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  7. Sometimes I get jealous of my husband, who brushes his teeth, runs a comb through his hair and calls it done. I am determined to look my best each day but horrified at how much time that takes. And the older I am the more time I must invest. Oh well, I guess beauty (or as close as I can get) is worth it. 🙂

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    • I identify with every sentence of your comment, Laurel, especially “…the older I am the more time I must invest.” Isn’t that the truth? And the increased time doesn’t produce the result that less time used to. Sheesh!

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  8. An entertaining post as usual, Janet. Thank you for the laughs and joy while reading this!
    My mother was/is a hairdresser. So the presentation of herself, as well as her children is very important to her. She didn’t quite know what to do with me, still doesn’t all these years later, especially when it comes to my hair. I call it “wet seaweed on a rock”, it is flat, dull color and so straight. She would try to perm it, color it, do something to make it presentable, to her. I never understood the problem, I was fine with my fine-hair.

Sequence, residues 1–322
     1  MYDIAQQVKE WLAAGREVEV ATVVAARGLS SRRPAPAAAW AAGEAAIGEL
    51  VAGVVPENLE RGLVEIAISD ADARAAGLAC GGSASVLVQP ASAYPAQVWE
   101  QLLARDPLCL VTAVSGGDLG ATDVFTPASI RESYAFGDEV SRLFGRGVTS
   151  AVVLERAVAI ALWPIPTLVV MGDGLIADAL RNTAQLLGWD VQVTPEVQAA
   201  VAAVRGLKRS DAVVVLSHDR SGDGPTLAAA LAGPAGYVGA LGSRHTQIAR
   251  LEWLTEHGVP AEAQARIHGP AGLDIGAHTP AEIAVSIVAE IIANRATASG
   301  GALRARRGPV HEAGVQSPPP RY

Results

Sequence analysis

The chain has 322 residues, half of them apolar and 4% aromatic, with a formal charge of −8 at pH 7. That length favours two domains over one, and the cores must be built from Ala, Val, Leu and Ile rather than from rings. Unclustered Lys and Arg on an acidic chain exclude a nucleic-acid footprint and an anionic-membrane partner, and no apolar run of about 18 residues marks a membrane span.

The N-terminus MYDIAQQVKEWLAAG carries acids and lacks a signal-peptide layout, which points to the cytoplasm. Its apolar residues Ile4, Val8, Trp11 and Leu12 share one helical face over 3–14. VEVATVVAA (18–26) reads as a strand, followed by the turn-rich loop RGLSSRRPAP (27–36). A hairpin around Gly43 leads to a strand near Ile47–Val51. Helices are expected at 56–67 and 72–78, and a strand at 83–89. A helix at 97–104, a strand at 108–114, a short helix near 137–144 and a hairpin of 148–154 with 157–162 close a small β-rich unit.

The same was true for my nails, I have never been into polish, I have never known her nails not to be polished. When I sit with her, she pulls out her emery board and starts re-shaping my nails, why? And, make-up, yes for her, no for me…
    I still get grief from my husband and kids for taking too long to get ready. If they only knew how well they have it! Can’t wait to see their reaction when they discover I am a record breaker in the primping department compared with most. It makes me smile to think about it 🙂
    Oh and if you are into it, wordpress is hosting a poetry 101, I thought of you when I was reading it. I think I am going to join in, I like a challenge like this once in a while…I can give you the link if you are interested.

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    • I enjoyed this comment so much, Carrie; it allowed me to visualize you and chuckle at the ways you differ from your mom. I love the visual of her re-shaping your nails. Please send me the poetry link. I’ve haven’t been putting much effort into poetry lately, and I’m afraid my group is going to give up on me.